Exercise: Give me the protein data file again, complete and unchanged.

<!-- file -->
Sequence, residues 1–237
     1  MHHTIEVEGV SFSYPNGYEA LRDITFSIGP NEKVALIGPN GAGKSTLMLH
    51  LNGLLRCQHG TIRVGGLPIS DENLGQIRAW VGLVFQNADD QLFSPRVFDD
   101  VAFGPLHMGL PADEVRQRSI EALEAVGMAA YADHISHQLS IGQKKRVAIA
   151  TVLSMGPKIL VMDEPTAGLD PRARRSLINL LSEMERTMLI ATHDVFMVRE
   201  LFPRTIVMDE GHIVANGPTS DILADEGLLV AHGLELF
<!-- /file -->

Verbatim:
Sequence, residues 1–237
     1  MHHTIEVEGV SFSYPNGYEA LRDITFSIGP NEKVALIGPN GAGKSTLMLH
    51  LNGLLRCQHG TIRVGGLPIS DENLGQIRAW VGLVFQNADD QLFSPRVFDD
   101  VAFGPLHMGL PADEVRQRSI EALEAVGMAA YADHISHQLS IGQKKRVAIA
   151  TVLSMGPKIL VMDEPTAGLD PRARRSLINL LSEMERTMLI ATHDVFMVRE
   201  LFPRTIVMDE GHIVANGPTS DILADEGLLV AHGLELF